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Enabling clinicians to easily find location-based travel health recommendations—is innovation needed?
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Details:
  • Pubmed ID:
    29788401
  • Pubmed Central ID:
    PMC5991802
  • Description:
    Background

    The types of place names and the level of geographic detail that patients report to clinicians regarding their intended travel itineraries vary. The reported place names may not match those in published travel health recommendations, making traveler-specific recommendations potentially difficult and time-consuming to identify. Most published recommendations are at the country level; however, subnational recommendations exist when documented disease risk varies within a country, as for malaria and yellow fever. Knowing the types of place names reported during consultations would be valuable for developing more efficient ways of searching and identifying recommendations, hence we inventoried these descriptors and identified patterns in their usage.

    Methods

    The data analyzed were previously collected individual travel itineraries from pretravel consultations performed at Global TravEpiNet (GTEN) travel clinic sites. We selected a clinic-stratified random sample of records from 18 GTEN clinics that contained responses to an open-ended question describing itineraries. We extracted and classified place names into nine types and analyzed patterns relative to common travel-related demographic variables.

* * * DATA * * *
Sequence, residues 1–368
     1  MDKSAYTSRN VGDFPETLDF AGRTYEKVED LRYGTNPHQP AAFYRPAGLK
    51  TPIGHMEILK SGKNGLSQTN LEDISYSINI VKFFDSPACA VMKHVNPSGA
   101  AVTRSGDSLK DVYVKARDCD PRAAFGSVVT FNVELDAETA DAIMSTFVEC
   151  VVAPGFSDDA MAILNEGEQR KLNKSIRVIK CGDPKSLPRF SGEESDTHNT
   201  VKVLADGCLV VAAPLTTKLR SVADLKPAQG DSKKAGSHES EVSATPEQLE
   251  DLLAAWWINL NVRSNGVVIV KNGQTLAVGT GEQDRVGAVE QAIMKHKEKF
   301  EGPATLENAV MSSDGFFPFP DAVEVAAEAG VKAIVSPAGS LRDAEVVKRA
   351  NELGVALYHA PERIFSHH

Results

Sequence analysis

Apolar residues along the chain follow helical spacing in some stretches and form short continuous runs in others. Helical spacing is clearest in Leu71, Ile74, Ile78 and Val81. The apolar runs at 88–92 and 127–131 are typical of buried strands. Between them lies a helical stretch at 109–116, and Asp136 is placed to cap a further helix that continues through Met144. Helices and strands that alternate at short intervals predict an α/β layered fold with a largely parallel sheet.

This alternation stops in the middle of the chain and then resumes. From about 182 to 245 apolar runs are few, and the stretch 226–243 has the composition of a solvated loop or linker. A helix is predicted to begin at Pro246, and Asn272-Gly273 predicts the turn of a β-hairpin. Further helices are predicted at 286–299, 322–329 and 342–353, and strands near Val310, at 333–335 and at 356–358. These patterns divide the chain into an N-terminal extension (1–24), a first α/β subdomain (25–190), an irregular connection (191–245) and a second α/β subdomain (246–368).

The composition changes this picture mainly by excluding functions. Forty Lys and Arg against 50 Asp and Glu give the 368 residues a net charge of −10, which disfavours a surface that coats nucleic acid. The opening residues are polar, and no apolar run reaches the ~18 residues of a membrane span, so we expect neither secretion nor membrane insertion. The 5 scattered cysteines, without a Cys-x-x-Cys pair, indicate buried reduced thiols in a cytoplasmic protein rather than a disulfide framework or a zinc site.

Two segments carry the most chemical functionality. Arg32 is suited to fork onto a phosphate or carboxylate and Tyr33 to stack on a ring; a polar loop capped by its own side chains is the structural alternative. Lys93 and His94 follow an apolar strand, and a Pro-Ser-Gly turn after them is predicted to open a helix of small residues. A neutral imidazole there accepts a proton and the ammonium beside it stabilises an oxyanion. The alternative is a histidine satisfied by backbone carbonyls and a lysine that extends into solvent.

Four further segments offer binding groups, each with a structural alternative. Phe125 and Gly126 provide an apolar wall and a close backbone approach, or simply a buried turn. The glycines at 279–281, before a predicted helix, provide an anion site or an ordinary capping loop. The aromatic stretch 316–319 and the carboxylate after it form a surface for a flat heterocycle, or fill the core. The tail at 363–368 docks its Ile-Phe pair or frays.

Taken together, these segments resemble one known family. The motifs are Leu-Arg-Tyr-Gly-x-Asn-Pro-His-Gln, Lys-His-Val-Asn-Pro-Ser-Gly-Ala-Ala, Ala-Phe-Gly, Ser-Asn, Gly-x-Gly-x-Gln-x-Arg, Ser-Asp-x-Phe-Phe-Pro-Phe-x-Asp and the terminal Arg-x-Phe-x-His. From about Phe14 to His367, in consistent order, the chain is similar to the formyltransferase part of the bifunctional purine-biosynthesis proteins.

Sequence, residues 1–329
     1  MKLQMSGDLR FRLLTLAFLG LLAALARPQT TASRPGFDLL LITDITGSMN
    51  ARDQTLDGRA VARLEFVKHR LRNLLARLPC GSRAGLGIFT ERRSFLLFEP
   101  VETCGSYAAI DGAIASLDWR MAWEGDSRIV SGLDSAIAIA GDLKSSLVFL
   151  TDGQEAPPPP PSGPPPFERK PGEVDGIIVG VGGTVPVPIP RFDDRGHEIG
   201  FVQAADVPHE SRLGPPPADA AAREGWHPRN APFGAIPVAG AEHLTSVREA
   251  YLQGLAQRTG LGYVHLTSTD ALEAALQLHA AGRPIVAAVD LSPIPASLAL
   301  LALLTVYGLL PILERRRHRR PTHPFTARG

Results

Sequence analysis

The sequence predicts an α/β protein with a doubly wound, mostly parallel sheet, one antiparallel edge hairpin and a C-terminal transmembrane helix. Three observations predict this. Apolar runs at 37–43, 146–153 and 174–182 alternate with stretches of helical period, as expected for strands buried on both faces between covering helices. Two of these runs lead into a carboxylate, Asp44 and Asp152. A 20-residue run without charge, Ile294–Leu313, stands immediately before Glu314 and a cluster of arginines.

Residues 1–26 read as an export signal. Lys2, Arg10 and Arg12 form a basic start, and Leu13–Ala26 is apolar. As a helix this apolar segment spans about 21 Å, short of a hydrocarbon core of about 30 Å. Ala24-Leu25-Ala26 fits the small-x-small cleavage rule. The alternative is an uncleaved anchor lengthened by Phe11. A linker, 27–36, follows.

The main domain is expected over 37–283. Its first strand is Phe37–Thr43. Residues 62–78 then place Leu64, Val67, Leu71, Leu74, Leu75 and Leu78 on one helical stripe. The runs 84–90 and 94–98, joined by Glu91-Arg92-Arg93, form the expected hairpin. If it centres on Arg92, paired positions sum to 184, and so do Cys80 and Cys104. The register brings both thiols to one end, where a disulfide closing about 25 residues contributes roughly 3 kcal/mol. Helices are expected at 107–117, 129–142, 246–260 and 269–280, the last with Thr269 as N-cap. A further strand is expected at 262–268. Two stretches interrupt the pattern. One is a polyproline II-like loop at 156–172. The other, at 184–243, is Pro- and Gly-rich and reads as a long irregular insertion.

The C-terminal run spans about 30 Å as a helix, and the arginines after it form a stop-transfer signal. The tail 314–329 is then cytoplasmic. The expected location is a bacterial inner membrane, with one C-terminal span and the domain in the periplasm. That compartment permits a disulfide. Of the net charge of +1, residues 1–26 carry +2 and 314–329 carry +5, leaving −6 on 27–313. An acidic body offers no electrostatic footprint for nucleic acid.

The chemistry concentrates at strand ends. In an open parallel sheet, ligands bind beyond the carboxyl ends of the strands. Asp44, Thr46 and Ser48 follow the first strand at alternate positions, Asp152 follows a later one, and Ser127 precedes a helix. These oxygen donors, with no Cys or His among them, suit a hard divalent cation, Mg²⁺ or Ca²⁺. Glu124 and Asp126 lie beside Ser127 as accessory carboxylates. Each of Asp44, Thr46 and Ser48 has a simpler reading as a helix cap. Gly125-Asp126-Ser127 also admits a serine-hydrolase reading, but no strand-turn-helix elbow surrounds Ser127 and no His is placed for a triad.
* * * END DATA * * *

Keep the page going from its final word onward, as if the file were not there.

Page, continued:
Results

    From the 1756 itineraries sampled, 1570 (89%) included one or more place names, totaling 3366 place names. The frequency of different types of place names varied considerably: 2119 (63%) populated place, 336 (10%) tourist destination, 283 (8%) physical geographic area, 206 (6%) vague subnational area, 163 (5%) state, 153 (5%) country, 48 (1%) county, 12 (1%) undefined.

    Conclusions

    The types of place names used by travelers to describe travel itineraries during pretravel consultations were often different from the ones referenced in travel health recommendations. This discrepancy means that clinicians must use additional maps, atlases or online search tools to cross-reference the place names given to the available recommendations. Developing new clinical tools that use geographic information systems technology would make it easier and faster for clinicians to find applicable recommendations for travelers.

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